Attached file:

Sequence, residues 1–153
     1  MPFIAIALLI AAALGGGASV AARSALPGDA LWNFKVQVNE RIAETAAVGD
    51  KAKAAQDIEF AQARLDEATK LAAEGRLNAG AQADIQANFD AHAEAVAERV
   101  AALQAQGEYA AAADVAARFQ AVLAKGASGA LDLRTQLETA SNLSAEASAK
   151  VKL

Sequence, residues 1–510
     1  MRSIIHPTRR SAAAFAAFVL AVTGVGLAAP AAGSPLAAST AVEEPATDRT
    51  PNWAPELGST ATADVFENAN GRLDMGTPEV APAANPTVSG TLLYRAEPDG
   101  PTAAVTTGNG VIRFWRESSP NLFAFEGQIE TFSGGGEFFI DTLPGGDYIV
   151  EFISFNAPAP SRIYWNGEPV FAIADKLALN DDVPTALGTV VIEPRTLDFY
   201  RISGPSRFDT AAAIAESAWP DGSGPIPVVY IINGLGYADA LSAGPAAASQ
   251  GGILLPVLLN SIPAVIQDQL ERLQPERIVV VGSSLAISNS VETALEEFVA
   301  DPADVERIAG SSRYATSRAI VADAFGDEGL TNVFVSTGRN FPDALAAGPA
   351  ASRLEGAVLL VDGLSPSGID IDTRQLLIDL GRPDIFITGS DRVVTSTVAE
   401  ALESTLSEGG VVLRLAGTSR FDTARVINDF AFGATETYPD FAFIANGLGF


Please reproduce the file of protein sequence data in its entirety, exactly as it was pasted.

Sequence, residues 1–153
     1  MPFIAIALLI AAALGGGASV AARSALPGDA LWNFKVQVNE RIAETAAVGD
    51  KAKAAQDIEF AQARLDEATK LAAEGRLNAG AQADIQANFD AHAEAVAERV
   101  AALQAQGEYA AAADVAARFQ AVLAKGASGA LDLRTQLETA SNLSAEASAK
   151  VKL

Sequence, residues 1–510
     1  MRSIIHPTRR SAAAFAAFVL AVTGVGLAAP AAGSPLAAST AVEEPATDRT
    51  PNWAPELGST ATADVFENAN GRLDMGTPEV APAANPTVSG TLLYRAEPDG
   101  PTAAVTTGNG VIRFWRESSP NLFAFEGQIE TFSGGGEFFI DTLPGGDYIV
   151  EFISFNAPAP SRIYWNGEPV FAIADKLALN DDVPTALGTV VIEPRTLDFY
   201  RISGPSRFDT AAAIAESAWP DGSGPIPVVY IINGLGYADA LSAGPAAASQ
   251  GGILLPVLLN SIPAVIQDQL ERLQPERIVV VGSSLAISNS VETALEEFVA
   301  DPADVERIAG SSRYATSRAI VADAFGDEGL TNVFVSTGRN FPDALAAGPA
   351  ASRLEGAVLL VDGLSPSGID IDTRQLLIDL GRPDIFITGS DRVVTSTVAE
   401  ALESTLSEGG VVLRLAGTSR FDTARVINDF AFGATETYPD FAFIANGLGF